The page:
Isotopic and physiologic steady states were obtained between 60 and 120 minutes of tracer infusion. Therefore, palmitate rate of appearance (Ra) in plasma was calculated using Steele’s equation for steady-state conditions18 by dividing the tracer infusion rate by the average plasma palmitate TTR between 60 minutes and 120 minutes. Total FFA Ra was determined by dividing the palmitate Ra by the proportional contribution of palmitate to total FFA concentration in plasma.19 The rate of FFA clearance from plasma was calculated by dividing FFA rate of disappearance (which equals FFA Ra during steady state conditions) by plasma FFA concentration.19 The proportion of total FFA released into plasma that was incorporated into VLDL-TG was calculated by dividing the rate of secretion of fatty acids within VLDL-TG that were derived from systemic plasma FFA by whole-body FFA Ra.
The fractional turnover rate (FTR) of VLDL-TG (in pools/h) was calculated by fitting the glycerol TTR in plasma and VLDL-TG to a multicompartmental model as previously described.20 The FTR represents the fraction of the VLDL-TG pool that enters/leaves the pool per unit of time. The rate of VLDL-TG secretion into plasma (in µmol/min), which represents the total amount of VLDL-TG secreted by the liver, was calculated by multiplying the FTR of VLDL-TG (in pools/min) by the steady-state pool size of VLDL-TG (in µmol); the latter was calculated as VLDL-TG concentration (in µmol/L) times plasma volume (0.055 L/kg fat-free mass).21 The proportion of fatty acids within VLDL-TG derived from systemic plasma FFA (derived primarily from lipolysis of subcutaneous adipose tissue TG) and nonsystemic fatty acids (derived from lipolysis of intrahepatic and intraperitoneal TG, hepatic lipolysis of circulating TG, and de novo hepatic fatty acid synthesis) was calculated by accounting for isotopic dilution between plasma and VLDL-TG palmitate using a multicompartmental model.13,21
The FTR of VLDL-apoB100 (in pools/h) was determined by fitting the TTR of leucine in plasma and in VLDL-apoB100 to a multicompartmental model, as previously described.13,21 The rate of VLDL-apoB100 secretion into plasma (in nmol/min) was calculated by multiplying the FTR of VLDL-apoB100 (in pools/min) by the steady-state pool size of VLDL-apoB100 (in nmol). The molar ratio of VLDL-TG to VLDL-apoB100 secretion rates, which provides an index of the average TG content and size of newly secreted VLDL particles, was calculated by dividing VLDL-TG secretion rate by VLDL-apoB100 secretion rate.22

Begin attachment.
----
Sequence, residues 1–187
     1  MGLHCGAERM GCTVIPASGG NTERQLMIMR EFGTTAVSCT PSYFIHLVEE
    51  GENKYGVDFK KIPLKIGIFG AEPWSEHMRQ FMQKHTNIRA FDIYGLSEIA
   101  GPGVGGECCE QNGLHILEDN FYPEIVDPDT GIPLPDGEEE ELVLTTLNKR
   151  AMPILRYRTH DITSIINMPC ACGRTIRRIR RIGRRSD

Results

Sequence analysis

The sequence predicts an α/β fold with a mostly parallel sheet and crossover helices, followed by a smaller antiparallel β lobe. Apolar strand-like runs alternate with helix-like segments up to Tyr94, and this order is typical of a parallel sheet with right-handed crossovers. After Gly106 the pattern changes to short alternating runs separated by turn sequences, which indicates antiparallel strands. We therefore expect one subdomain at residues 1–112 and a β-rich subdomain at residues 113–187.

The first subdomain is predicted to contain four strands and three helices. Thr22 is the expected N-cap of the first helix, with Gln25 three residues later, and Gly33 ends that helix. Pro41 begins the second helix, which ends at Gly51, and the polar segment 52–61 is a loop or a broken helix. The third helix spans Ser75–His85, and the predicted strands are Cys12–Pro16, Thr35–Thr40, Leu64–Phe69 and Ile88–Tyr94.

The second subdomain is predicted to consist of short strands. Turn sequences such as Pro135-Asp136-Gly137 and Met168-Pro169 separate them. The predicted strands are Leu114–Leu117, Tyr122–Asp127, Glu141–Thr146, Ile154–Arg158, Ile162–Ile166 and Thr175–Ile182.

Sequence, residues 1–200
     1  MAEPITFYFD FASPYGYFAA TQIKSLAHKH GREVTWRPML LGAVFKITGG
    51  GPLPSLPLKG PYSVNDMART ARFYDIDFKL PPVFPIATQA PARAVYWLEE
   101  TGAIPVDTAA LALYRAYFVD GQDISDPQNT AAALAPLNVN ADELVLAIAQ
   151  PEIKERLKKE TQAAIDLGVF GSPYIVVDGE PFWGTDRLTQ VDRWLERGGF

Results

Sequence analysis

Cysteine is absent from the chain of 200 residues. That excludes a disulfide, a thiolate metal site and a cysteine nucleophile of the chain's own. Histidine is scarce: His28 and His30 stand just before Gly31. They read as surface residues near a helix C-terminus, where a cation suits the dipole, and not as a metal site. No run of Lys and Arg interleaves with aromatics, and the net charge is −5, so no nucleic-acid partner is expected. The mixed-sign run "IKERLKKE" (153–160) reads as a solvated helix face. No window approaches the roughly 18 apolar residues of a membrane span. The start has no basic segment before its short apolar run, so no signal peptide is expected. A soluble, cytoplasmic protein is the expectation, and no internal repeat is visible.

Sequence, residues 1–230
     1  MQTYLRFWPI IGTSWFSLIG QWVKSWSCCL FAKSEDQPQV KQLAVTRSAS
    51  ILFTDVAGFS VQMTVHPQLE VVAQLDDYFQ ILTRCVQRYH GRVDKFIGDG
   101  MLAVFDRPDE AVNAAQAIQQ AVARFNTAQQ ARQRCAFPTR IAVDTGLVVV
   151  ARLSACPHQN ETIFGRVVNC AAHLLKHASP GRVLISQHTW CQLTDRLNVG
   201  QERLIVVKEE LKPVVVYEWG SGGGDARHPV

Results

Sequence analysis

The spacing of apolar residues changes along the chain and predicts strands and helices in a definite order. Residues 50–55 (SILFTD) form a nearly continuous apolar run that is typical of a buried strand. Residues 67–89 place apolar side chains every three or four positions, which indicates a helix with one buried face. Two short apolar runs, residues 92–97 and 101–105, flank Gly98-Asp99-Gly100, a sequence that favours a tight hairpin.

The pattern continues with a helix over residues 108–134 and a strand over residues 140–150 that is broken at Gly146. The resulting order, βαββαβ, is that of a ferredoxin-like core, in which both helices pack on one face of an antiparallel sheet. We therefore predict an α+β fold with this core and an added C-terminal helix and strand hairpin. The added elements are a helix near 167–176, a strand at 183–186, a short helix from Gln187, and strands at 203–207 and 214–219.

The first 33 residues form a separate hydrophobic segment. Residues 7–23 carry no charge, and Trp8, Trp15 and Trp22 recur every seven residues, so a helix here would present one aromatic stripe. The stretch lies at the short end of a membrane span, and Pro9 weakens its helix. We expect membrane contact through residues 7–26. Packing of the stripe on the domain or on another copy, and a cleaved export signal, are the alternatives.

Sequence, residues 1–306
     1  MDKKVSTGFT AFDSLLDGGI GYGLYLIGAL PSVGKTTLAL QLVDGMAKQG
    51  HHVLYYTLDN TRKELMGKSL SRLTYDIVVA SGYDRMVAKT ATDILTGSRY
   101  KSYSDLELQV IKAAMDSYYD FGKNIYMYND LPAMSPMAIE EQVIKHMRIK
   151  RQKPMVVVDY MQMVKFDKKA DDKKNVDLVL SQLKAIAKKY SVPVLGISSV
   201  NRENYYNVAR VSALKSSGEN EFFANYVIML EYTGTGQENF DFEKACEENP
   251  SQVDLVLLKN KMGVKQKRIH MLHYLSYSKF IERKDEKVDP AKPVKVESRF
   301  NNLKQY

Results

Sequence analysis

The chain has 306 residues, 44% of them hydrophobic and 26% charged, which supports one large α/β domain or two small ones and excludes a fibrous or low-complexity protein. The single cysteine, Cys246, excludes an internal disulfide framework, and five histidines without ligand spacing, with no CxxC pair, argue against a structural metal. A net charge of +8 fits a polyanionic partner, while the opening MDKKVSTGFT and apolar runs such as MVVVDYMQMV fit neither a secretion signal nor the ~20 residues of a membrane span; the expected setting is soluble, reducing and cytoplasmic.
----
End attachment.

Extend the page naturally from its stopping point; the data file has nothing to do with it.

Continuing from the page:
All data sets were normally distributed according to Kolmogorov–Smirnov. A Student t test for unpaired samples was used to evaluate the statistical significance of differences between subjects who had normal IHTG content and those with NAFLD. The relationship between variables of interest was assessed by using Pearson correlation and regression analysis. A P value≤.05 was considered statistically significant. Results are presented as means ± SEM.
Subjects who had NAFLD and those with normal IHTG content were matched on age, sex, body weight, BMI, and percent body fat (Table 1). The amount of IHTG ranged from 1.3% to 5.4% in the normal IHTG group and from 13.9% to 22.7% in the NAFLD group. Abdominal subcutaneous fat volume was similar between groups, whereas intra-abdominal fat volume was ~75% greater in subjects who had NAFLD than those with normal IHTG (Table 1).
Plasma glucose concentration was not different between groups, but plasma insulin concentration and the HOMA2 index of insulin resistance were greater in subjects with NAFLD than in those with normal IHTG content (Table 2). Plasma FFA and TG concentrations were also greater in subjects with NAFLD, whereas LDL-cholesterol, HDL-cholesterol, and VLDL-apoB100 concentrations did not differ between the 2 groups. Plasma alanine aminotransferase concentration was higher in subjects with NAFLD than in subjects with normal IHTG content.
Whole-body palmitate Ra was 34% higher in subjects with NAFLD than in those with normal IHTG content (114.1 ± 8.1 and 85.4 ± 6.6 µmol/min, respectively; P = .01) (Figure 1). However, the proportion of FFA Ra incorporated into VLDL-TG was not significantly different between the NAFLD and normal IHTG groups (8.4% ± 1.4% and 7.7% ± 1.0% of total FFA Ra, respectively; P = .65). The rate of FFA clearance from plasma was also similar in the NAFLD and normal IHTG groups (827 ± 75 mL/min and 820 ± 49 mL/min, respectively; P = .94).
The secretion rate of VLDL-TG was more than 2-fold greater in subjects with NAFLD (24.3 ± 3.1 µmol/min) than in those with normal IHTG content (11.4 ± 1.1 µmol/min) (P = .001) (Figure 2A), whereas the secretion rate of VLDL-apoB100 was not significantly different between groups (NAFLD group: 1.3 ± 0.1 nmol/min; normal IHTG group: 1.1 ± 0.1 nmol/min) (Figure 2B). Therefore, the molar ratio of VLDL-TG to VLDL-apoB100 secretion rates, an index of the TG content of newly secreted VLDL particles, was more than 2-fold greater in subjects with NAFLD (22,100 ± 3500 moles of TG per VLDL particle) than subjects with normal IHTG (10,900 ± 990 moles of TG per VLDL particle) (P = .008) (Figure 2C). No differences were detected between the NAFLD and normal IHTG groups in FTR of either VLDL-TG (0.88 ± 0.21 and 0.62 ± 0.10 pools/h, respectively; P = .280) or VLDL-apoB100 (0.29 ± 0.03 and 0.38 ± 0.06 pools/h, respectively; P = .183).
The relative contribution of systemic plasma FFA and nonsystemic fatty acids to total VLDL-TG secretion was significantly different between groups. Systemic plasma FFA accounted for 66% ± 4% and 43% ± 3% of fatty acids in VLDL-TG in subjects with normal IHTG and subjects with NAFLD, and nonsystemic fatty acids accounted for 34% ± 4% and 57% ± 3% of fatty acids within VLDL-TG in subjects with normal IHTG and subjects with NAFLD, respectively (P < .001). Therefore, the absolute secretion rate of VLDL-TG derived from nonsystemic fatty acids was more than 3-fold greater in subjects with NAFLD than in subjects with normal IHTG content (14.8 ± 2.6 and 4.0 ± 0.7 µmol/min, respectively; P < .001), and the absolute secretion rate of VLDL-TG derived from systemic plasma FFA was 35% greater in subjects with NAFLD than those with normal IHTG (10.0 ± 1.0 and 7.4 ± 0.7 µmol/min, respectively; P = .039) (Figure 2A).